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The Presidential Library’s rare materials spotlight the printer of "radically new books" Ivan Fyodorov and his masterpiece Apostles

1 March 2021

"When people acquired the ability to think, their first intention was the creation of human speech - the way of representation of their thoughts, which aims at conveying their ideas to contemporaries and descendants", writes historian Leonid Denisov in his research The First Printers Johannes Gutenberg and Ivan Fyodorov (1908 ), available on the Presidential Library's portal.

An event that marked the beginning of the era of printing took place on March 1 (14, according to new style), 1564. On this day in Moscow, the first dated printed book in Russia was issued. It was The Acts of the Apostles, Written by the Holy Apostle and Evangelist Luke. There were several anonymous and undated printed editions in Russia before The Apostles, but this book is a special one. Rare publications of the Presidential Library, available on the portal and in the institution's collections reveal its advantages and the difficult fate of the first printer Ivan Fyodorov.

Russian book printing during the reign of Ivan the Terrible fell behind European countries, which knew and already used the invention of Johannes Gutenberg - a machine with movable letters that made prints on paper. "The art of book printing quickly spread throughout Western Europe. By the end of the XV century, printing houses were already in 40 cities", notes Leonid Denisov in the publication The First Printers Johannes Gutenberg and Ivan Fyodorov. The historian Sigismund Librovich provides details of this movement in the research History of the Book in Russia. [Chapter 1]: [From Ancient Times to the End of the XVII Century] (1913).

Ivan the Terrible, an educated and erudite person, was not content with this situation: "The Tsar was worried about the fact that church manuscript books had lots of mistakes made by the copyists". He decided to develop book printing, "to make sacred books in a right way without doubts to any Orthodox believer", - states the essay of the historian and philologist Anthony Petrushevich Ivan Fyodorov, the First Russian Printer (1883). Metropolitan Macarius blessed Tsar Ivan IV to develop book printing.

There are several versions of the origin of the first Russian printers and their schools of craft. According to Anthony Petrushevich, Ivan the Terrible invited the Danish printer Hans Missenheim, who opened a printing house with his equipment in 1553. "The Englishman Fletcher, the author of the description of the Moscow state in the XVI century, who arrived in Russia in 1588, insists that the first printers studied in Poland and the type and press for printing were brought from this country", - is written in the above-mentioned publication History of the Book in Russia. [Chapter 1]: [From Ancient Times to the End of the XVII Century]. Their names were Ivan Fyodorov and Pyotr Timofeev Mstislavets, "one is a Muscovite, another is a Mstislavets, one is a deacon, and the other is unknown", says the collection Ivan Fyodorov, the First Printer (1935). Only one year passed, the Apostles was published, and these names became known "to the whole baptized world". In the first Russian printing house entitled "Printing Yard" on Nikolskaya Street near the Kremlin, two Russians created a masterpiece.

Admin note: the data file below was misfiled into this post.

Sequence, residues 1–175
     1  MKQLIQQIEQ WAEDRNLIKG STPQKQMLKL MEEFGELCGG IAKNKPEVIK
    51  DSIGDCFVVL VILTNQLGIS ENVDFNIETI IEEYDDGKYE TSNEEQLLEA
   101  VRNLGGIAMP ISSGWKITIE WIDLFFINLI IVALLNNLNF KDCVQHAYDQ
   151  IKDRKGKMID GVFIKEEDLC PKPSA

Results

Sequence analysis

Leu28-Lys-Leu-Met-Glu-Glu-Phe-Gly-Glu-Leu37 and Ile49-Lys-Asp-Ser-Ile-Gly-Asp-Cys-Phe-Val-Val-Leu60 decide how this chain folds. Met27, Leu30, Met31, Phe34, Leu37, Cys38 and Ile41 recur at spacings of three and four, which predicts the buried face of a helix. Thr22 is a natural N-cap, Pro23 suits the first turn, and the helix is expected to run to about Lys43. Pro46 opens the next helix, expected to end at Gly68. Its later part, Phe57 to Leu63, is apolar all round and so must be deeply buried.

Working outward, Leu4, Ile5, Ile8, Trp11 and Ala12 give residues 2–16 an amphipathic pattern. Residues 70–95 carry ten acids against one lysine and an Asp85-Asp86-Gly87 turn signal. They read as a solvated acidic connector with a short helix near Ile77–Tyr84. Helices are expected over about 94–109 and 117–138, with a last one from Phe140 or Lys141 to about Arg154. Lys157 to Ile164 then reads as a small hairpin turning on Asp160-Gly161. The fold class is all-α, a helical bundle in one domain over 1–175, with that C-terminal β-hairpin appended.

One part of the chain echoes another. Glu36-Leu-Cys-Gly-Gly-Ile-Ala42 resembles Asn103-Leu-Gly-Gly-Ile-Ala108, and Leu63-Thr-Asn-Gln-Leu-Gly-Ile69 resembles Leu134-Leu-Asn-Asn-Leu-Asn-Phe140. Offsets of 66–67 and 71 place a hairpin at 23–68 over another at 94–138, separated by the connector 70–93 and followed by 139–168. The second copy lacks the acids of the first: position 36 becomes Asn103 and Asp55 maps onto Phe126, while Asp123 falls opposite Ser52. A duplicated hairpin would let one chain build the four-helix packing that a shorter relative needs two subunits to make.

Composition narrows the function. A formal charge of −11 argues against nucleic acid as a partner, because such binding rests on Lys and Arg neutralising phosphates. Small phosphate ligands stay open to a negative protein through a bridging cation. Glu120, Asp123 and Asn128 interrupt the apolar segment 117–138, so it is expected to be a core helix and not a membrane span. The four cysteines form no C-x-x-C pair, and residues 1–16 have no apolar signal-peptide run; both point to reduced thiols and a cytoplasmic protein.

The choice of Apostles as the first state print publication was not accidental. This edition was intended for the education of the clergy. It was believed that Cyril and Methodius themselves translated it into Slavic. This relatively small book with a tiny and elegant print was comfortable to read in hand. It states that Ivan Fyodorov launched book publishing not only for the church liturgy but also for personal use.

The Apostles was well decorated: the text was typed in two colours in a balanced and attractive font. The first printer did not strive for creating something new. He wanted to make the printed type similar to the handwritten letters beloved by Russians. The book is decorated with hand-drawn miniatures before each section. This innovative publication has no title page, but it got an afterword with the book's imprint. Ivan Fyodorov was a good writer, and there is an opinion that he created the secular epilogue to the Apostles.

The book by Sigismund Librovich History of the Book in Russia. [Chapter 1]: [From Ancient Times to the End of the XVII Century] estimates the professional qualities of the printer: "Fyodorov was not only a printer: he himself cast forms for letters... He was the first compositor... he was also a maker-up, who composed pages out of lines... <...> He was not only an ordinary artisan but an inspired artist of his art". Then, the author notes: "The promotion of God's Word in the universe through book printing was the purpose and task of his life, his mission".

But not everyone was satisfied with the successes of Fyodorov and Mstislavets. The scribes were displeased: the printing presses deprived them of their earnings. Many officials from the court circle envied the first printers because of the special favour from the monarch. As a result, the Printing House was set on fire by unknown persons. It burned down, and the printers had to hastily retreat to Lithuania. Later, having moved to Lvov, Ivan Fyodorov and Pyotr Mstislavets continued book printing. And although life abroad was not easy, Ivan Fyodorov proved himself to be a master blessed by God. The Prince of Ostrog ordered him to print the famous edition of the Bible, which involved six different fonts.

The first Russian book printer died on December 5 (15, according to the new style) 1583 and was buried in Lvov. Leonid Denisov declares in the publication The First Printers Johannes Gutenberg and Ivan Fyodorov that his gravestone had the family coat of arms and an inscription: "Creator of radically new books".